Pearl Jam's 'Self-Pollution Radio' Coming In '98

Eddie Vedder says he'll be "playing a track or two and talking about ... what's gonna happen."

Pearl Jam are planning a live radio show in late January, according to singer Eddie Vedder. "We're ... planning on doing something on the radio, which is we signed up a satellite feed and it's open for anyone who wants to get it," Vedder said, indicating that any radio station would be able to pick up the latest edition of "Self-Pollution Radio" and air it for their listeners. The show is tentatively scheduled for Jan. 31.

During an interview conducted for SonicNet by the Beastie Boys' Adam Yauch on Dec. 5, which was put online last week,

Vedder said that the broadcast, the band's legal version of a pirate radio show, will be commercial-free and feature a few, still-unnamed bands playing live. Vedder also said the show will find him in the role of DJ, as he'll be "playing a track or two and talking about [Pearl Jam's] concerts and what's been happening and what's gonna happen. It's really an excellent opportunity, so the radio stations just pick it up, whoever wants it, they can pick it up on their own, so there's no formal limitations or parameters."

The group's new album, Yield, will be released Feb. 3; the first single, "Given To Fly," officially hits the airwaves on Dec. 22, but is already being played by modern rock stations like Live 105 in San Francisco where it is currently one of their most requested songs.

The phone conversation between Vedder and Yauch also featured an exchange where Yauch asked, "So you're, like, playing a gig and you're out of your house and then they just broadcast it?"

Vedder responded, "Yeah, you just send it out and I think they even pick it up in, like, Russia on short-wave."

Yauch then wondered out loud if the broadcast might be available in Tibet. Vedder replied that he'd look into it and "write [it] down on my list."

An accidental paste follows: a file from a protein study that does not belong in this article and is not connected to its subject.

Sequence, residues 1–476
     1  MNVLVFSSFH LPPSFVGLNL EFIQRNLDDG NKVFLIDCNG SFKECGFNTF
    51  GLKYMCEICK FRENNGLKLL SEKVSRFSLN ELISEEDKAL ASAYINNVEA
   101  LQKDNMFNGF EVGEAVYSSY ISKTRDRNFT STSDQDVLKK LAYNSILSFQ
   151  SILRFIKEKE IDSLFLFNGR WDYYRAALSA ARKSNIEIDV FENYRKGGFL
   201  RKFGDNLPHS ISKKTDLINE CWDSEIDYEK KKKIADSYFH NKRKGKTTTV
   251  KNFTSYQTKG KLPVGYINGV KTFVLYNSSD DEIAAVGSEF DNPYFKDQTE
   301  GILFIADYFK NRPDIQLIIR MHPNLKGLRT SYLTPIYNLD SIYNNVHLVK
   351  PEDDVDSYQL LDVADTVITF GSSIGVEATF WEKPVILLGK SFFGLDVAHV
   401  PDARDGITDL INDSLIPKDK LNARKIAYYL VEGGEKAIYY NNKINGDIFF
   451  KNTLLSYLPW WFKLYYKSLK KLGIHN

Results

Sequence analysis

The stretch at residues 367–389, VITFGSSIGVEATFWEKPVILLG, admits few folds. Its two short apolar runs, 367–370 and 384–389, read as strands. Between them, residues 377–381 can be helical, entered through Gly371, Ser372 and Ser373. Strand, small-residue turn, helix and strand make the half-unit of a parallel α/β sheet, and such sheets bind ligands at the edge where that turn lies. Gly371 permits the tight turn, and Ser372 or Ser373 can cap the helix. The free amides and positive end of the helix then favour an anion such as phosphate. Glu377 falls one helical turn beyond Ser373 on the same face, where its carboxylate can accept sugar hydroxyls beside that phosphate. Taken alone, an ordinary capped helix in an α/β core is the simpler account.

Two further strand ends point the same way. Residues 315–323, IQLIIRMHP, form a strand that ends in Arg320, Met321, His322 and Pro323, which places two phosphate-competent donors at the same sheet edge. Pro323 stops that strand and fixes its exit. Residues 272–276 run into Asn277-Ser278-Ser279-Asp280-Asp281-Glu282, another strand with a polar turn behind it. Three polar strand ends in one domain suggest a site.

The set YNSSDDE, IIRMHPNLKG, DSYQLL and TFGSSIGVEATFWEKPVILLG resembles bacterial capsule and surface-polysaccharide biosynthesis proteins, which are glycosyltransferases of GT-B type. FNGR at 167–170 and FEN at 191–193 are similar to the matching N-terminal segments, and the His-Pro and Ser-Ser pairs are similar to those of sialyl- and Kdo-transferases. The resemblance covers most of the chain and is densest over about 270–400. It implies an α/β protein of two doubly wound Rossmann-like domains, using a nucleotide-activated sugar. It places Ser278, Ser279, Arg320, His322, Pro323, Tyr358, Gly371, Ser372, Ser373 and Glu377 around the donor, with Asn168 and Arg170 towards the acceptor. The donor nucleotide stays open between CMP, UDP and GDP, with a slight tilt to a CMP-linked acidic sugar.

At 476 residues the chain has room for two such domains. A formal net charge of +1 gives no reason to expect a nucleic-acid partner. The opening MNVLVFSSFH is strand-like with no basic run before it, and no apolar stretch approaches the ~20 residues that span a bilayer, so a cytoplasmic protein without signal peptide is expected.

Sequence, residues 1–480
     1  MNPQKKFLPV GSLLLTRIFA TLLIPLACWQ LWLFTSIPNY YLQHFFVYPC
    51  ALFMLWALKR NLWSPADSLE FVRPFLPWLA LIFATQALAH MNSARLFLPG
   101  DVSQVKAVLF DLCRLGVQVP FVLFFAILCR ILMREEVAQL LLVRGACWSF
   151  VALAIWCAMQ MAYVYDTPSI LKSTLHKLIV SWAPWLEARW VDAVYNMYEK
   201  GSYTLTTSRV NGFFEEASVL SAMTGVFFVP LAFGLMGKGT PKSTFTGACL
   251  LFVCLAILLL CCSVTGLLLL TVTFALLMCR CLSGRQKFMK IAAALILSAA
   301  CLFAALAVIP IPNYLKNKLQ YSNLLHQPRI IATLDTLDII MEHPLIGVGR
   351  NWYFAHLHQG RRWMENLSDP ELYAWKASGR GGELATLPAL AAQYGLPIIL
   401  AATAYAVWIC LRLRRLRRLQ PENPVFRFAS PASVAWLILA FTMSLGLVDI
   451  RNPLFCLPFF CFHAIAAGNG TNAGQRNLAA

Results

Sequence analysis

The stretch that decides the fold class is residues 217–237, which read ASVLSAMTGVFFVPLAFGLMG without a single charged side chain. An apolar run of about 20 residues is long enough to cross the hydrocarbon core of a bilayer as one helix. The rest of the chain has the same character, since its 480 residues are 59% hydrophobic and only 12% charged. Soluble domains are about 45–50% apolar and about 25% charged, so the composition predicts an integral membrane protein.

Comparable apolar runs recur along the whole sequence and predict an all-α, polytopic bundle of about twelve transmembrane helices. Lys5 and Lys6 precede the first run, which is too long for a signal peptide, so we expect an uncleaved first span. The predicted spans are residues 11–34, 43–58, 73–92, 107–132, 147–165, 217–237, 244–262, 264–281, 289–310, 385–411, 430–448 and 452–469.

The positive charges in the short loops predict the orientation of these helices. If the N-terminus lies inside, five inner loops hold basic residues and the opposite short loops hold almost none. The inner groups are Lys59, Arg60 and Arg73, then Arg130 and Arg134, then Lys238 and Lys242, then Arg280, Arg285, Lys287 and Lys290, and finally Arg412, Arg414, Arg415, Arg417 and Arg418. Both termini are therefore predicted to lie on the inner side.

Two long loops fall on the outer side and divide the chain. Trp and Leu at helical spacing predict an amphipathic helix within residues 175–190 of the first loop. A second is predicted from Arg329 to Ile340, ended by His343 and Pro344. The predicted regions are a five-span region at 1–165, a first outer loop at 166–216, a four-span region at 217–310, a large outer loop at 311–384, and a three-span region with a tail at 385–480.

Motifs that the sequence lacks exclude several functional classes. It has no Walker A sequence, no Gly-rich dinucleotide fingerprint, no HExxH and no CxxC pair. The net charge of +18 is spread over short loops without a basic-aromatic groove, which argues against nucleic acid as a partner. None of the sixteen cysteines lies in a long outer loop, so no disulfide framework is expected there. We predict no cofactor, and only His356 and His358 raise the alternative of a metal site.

Pearl Jam first launched "Monkey Wrench" radio, as the gigs were then called, during their 1995 tour with a four-hour January broadcast from Seattle. During that free, non-exclusive show, Pearl Jam played live, Vedder announced that former Red Hot Chili Peppers drummer Jack Irons would be joining the group, Vedder aired a few then-new, unreleased tracks by former Nirvana drummer Dave Grohl (who had yet to launch the Foo Fighters) and treated fans to songs by pals Soundgarden, Mudhoney and Mad Season. The Monkey Wrench crew also followed the group around on tour that year, broadcasting original shows from a van outside certain venues.

On Thursday, Metallica will offer their own version of self-produced radio with "Don't Call Us, We'll Call You," during which the heavy metal group will play live, call fans, play records and have special guests. That show will be aired on radio stations all over the U.S.

Some PJ fans have been so anxious to hear the 13 tracks on Yield before the official February release date that they've posted versions of the songs on various websites -- both live recordings and studio takes. Alexandra Walsh, V.P. of media relations for the Recording Industry Association of America, said on Monday that the organization had contacted a few sites over the weekend and requested that they take down near-CD-quality MP3 files of as-yet-unreleased PJ songs. "Our surfers began looking for Pearl Jam sites on Friday and quickly located a couple that still had songs from the Pearl Jam album up," Walsh said.

Walsh said all the webmasters who were contacted quickly complied with requests to take down the songs. Josh Wardell, a Syracuse University student, was contacted by PJ's record company, Epic Records, last Wednesday evening after executives got word that portions of three studio versions of new songs were available on his site. "It's important that people understand that record companies take this seriously and that there's a difference between fan sites, and the unsanctioned downloading of [entire] songs that are CD-quality, unreleased versions," Walsh said. "As echoed by management, this is robbing the artist of the ability to present their material in the fashion they want to at the appropriate time."

RIAA surfers will continue to monitor Pearl Jam sites, Walsh said. "These fan sites have a way of popping up, so we'll keep a watchful eye out for any new ones." [Mon., Dec. 15, 1997, 6:00 p.m. PDT]